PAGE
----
SciFi, Theme

On Genre

One of the biggest things that bothered me about studying creative writing at a university was the insistence that we had to write “Literature,” because for-profit writing like genre fiction wasn’t worth studying. This bothered me because I view myself as primarily a science fiction kind of writer, and I can also appreciate a good piece of young adult, chick lit, fantasy, mystery–just about anything that’s well written. For me, “literature” is not a certain type of fiction–it’s a quality rating. To set “Literature” aside as a genre unto itself is to deny the genius of writers like Isaac Asimov, Kurt Vonnegut (although he often makes the jump to “Literature” on bookstore shelves, I still maintain that he is largely a scifi author), and Arthur C. Clarke just because they follow certain tropes, and unnecessarily elevate lesser writers arbitrarily categorized as “literary” because they followed others. The whole thing doesn’t make any sense to me.

There are many advantages to writing genre fiction, both in terms of story and audience. The latter is the more financially significant; when you have a set type of story to write, you also have a specific audience to direct it at–people who can be relied upon to read it, so long as you stay within certain conventions. Basically, you have a market before you even begin, and assuming you understand your genre, it’s much easier to find success. Genre sells. This is why it is so often associated with “dime novels”–and also why academics hate it.

But they shouldn’t. The fact that genre fiction has set tropes doesn’t limit it. In fact, quite the opposite–it offers more opportunities to surprise and delight readers, while also playing on their expectations to reveal things about them. For example: mystery stories are expected to provide all of the clues necessary to solve the crime before offering the explanation, so that the readers could potentially figure it all out before the detective does. Knowing this, a writer could put in red flags that resembled the sort of clues usually seen, while burying the real ones. When the reader falls for the obvious flags, the writer can help them to learn to look beyond the obvious–or even help illustrate weaknesses in the genre, and teach readers not to rely too heavily on rules when it comes to critical thinking.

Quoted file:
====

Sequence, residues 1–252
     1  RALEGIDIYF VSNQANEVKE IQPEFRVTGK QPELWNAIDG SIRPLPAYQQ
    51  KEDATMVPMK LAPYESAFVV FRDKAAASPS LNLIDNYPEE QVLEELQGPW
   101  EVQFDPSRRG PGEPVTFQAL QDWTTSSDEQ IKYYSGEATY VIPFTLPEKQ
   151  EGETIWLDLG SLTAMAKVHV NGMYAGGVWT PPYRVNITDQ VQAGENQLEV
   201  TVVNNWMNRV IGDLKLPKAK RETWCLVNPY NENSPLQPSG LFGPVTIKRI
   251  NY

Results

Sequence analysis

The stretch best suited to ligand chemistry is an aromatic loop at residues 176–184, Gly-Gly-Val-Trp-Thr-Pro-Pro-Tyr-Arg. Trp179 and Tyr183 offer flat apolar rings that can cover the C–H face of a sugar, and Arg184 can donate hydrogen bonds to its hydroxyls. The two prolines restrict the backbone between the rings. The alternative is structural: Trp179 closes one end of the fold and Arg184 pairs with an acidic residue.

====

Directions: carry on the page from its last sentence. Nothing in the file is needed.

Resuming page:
But a genre story doesn’t have to strive for intellectual genius to be brilliant. The fact is that people don’t always read because they want to be challenged. Sometimes, they read because they want to be entertained–or scared, or turned on (no judging), or whatever else their particular favorite genre offers. Genre fiction (and genre movies) are refreshing in that they don’t seek to be anything more than they are. There’s no striving for Great Truths–just a great read, that makes readers happy.

And that’s something Literature fanatics would do well to keep in mind.

Snobbishly yours,
M.M. Jordahl

“Sure, I knew the differences between a space opera and a hard-boiled detective story and a historical novel…but I never cared about such differences. It seemed to me, then as now, that there are good stories and bad stories, and that was the only distinction that truly mattered.” -George R.R. Martin

4 thoughts on “On Genre”

  1. Could not agree more! Often it felt like the line between literary fiction and genre fiction was just what the teacher didn’t like. It often felt like a semantical argument on writing philosophy which had no bearing on success or quality. Does it really matter which category a book falls into if it’s generally considered to be well written and holds wide appeal? Hitchhikers Guide to the Galaxy may be Scifi, but that classification means very little when you consider it’s been read by thousands and thousands (millions?) of people and the writing is widely considered phenomenal. As you note, genre fiction has plenty of ways to expand, play with, and, in some cases, even bypass its tropes. Good genre fiction does not still have to be a formulaic novel.

    The thing that should be judged first and foremost is quality. Every time I got feedback that was something akin to, “this is a great story, but it feels too much like genre fiction” I couldn’t help but sigh.

    Thanks for writing this post! It’s certainly something I think many students of our era can sympathize with. :)